The Second Amendment Debate: A lesson in the power of words in communicating a message

September 27th, 2017   No Comments

The Second Amendment Debate: A lesson in the power of words in communicating a message

The passionate debate surrounding the Second Amendment appears to have somewhat lessoned over the last several months, for obvious political reasons. Heaven forbid another mass casualty incident though, it’s sure to resurface again. On the extremes you have a group of people who want to strictly enforce gun control regulations and even institute a European-style ban, and on the other you have those folks who interpret the Second Amendment in its purest form, implying that the government should impose no controls whatsoever on the right to bear arms. As with many things in life, the common sense and sensible answer lies somewhere between these two extremes, but that’s something sadly lost in all the political rancor.

There’s a lesson in communication and branding to be taught here as well. Proponents of tighter regulations often describe themselves as being about gun “control”—without realizing that this term plays right into the hands of the opposing side of the debate. It acts as a rallying call and solidifies their entrenched position. Why is this?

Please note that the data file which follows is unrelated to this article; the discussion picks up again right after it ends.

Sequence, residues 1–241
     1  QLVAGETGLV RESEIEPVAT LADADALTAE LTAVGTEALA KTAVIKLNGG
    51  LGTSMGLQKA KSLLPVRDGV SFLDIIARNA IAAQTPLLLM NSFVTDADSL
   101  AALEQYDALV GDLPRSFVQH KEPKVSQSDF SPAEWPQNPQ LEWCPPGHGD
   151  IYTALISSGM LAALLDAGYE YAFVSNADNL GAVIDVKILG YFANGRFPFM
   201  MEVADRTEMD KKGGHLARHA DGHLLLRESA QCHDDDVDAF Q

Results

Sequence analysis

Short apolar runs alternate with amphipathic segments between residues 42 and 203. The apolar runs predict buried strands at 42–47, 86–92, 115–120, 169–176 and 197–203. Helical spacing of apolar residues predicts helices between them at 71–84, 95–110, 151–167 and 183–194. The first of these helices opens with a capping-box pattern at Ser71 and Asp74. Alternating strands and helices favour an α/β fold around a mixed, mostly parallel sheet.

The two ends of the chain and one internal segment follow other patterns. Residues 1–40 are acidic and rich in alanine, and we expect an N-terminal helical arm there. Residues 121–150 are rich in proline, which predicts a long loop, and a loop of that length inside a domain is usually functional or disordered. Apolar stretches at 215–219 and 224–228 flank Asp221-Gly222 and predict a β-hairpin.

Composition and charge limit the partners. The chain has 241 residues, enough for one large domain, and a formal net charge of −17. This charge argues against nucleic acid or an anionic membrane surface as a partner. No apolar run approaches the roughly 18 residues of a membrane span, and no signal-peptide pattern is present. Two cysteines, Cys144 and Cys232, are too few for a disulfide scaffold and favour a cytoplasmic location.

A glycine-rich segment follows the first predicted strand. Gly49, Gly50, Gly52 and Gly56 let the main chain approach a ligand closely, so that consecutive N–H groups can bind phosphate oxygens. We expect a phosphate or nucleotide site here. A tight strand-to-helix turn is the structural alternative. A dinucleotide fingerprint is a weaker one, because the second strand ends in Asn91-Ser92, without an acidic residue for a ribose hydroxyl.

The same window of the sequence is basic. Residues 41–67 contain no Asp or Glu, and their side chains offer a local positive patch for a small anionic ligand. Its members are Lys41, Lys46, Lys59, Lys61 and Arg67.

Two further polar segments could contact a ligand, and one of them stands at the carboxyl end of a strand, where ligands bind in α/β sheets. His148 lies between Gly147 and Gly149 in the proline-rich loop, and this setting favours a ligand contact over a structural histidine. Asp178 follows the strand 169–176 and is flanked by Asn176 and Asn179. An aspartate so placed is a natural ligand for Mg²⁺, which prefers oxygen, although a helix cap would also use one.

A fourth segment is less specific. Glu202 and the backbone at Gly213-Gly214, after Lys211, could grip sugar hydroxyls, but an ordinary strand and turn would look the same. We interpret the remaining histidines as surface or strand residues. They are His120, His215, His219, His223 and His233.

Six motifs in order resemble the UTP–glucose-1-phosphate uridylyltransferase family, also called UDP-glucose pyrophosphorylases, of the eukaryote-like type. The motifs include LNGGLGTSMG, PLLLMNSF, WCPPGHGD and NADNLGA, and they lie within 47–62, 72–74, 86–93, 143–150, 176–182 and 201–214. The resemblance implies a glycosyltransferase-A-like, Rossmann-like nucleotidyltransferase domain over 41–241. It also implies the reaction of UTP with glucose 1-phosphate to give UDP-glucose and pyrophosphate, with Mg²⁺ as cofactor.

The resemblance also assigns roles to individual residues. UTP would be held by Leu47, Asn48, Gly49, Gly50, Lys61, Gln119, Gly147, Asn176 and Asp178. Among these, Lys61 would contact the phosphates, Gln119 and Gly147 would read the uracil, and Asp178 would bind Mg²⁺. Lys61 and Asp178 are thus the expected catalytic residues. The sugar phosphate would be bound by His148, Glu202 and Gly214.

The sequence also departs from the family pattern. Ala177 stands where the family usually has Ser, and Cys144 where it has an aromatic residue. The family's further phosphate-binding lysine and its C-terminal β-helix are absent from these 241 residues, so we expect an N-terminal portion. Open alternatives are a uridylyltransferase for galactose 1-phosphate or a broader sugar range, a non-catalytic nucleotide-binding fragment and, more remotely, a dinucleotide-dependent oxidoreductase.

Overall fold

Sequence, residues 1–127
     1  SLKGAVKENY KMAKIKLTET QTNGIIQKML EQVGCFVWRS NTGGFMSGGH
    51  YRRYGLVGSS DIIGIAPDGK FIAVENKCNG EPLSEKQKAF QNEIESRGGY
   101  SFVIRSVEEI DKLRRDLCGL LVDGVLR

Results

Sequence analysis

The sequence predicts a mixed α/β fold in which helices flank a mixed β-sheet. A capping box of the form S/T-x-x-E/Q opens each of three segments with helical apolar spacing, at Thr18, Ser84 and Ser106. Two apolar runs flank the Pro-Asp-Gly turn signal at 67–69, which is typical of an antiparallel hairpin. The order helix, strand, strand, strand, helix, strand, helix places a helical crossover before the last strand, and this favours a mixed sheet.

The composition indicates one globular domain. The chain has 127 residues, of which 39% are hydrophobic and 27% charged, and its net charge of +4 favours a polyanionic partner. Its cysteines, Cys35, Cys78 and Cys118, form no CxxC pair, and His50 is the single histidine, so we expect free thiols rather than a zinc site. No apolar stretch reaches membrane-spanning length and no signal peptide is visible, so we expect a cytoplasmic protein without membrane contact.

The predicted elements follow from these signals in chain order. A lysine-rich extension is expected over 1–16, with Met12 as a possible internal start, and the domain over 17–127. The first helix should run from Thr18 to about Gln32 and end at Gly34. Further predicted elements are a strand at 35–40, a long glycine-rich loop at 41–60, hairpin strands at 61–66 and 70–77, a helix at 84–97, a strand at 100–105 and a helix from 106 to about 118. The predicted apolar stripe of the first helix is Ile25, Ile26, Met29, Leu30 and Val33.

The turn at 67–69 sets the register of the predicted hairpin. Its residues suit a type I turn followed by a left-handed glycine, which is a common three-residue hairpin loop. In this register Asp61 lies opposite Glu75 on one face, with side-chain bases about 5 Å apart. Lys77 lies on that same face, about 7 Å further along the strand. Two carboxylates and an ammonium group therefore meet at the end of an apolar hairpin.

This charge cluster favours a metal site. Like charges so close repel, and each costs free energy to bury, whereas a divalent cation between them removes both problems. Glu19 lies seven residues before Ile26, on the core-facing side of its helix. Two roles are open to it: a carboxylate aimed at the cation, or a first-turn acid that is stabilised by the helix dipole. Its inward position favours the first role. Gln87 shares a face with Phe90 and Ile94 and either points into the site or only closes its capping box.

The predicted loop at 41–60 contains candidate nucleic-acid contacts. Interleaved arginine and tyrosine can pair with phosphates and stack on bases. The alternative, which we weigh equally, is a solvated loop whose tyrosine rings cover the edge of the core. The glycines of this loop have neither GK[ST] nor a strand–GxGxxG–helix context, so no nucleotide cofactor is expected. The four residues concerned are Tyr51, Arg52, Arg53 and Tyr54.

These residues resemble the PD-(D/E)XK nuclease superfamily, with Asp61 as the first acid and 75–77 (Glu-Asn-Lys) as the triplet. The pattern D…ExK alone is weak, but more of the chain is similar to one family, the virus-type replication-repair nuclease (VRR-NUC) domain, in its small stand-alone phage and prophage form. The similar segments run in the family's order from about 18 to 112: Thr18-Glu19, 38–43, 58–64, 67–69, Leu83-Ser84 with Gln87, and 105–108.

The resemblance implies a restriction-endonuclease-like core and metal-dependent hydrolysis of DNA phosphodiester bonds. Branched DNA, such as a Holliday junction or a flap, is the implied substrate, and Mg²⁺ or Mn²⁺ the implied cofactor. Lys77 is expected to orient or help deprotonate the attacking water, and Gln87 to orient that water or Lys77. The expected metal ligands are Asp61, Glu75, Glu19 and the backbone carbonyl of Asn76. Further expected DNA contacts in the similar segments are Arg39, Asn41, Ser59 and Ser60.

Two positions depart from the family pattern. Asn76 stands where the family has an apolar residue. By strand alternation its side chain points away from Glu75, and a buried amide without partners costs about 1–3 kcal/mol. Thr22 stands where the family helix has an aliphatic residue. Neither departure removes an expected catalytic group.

Well, let’s look at some of the dictionary definitions of the word control:

“To have power over”

“To determine the behavior of”

“To dominate”

It doesn’t take a communication genius to work out that nobody on the planet wants to be “controlled”! It’s a word with very negative connotations. Nobody who likes or feels passionate about anything, ever wants to hear that thing is going to be controlled more. Whether it’s a media headline or language used in an interview, the power of words is enormous and needs to be paid more attention to. Nothing could be more important in communicating a message and stating your preferred goals and negotiation position.

So what term should be used in this particular debate? Simple: Safety. Some people already do so, but a minority compared to those who call it gun “control”. Dictionary definition of the word “safety”:

“Being protected from or unlikely to cause danger or injury”

“Freedom from harm”

“Being protected from risk”

Clearly, unlike the word control, safety is something everyone wants. It’s intimately associated with the values of freedom and liberty. That’s why if we’re talking smart communication and branding, anyone wanting legal changes to make it less likely that guns will fall into the wrong hands, should never talk about gun control again.

 

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Suneel Dhand administrator

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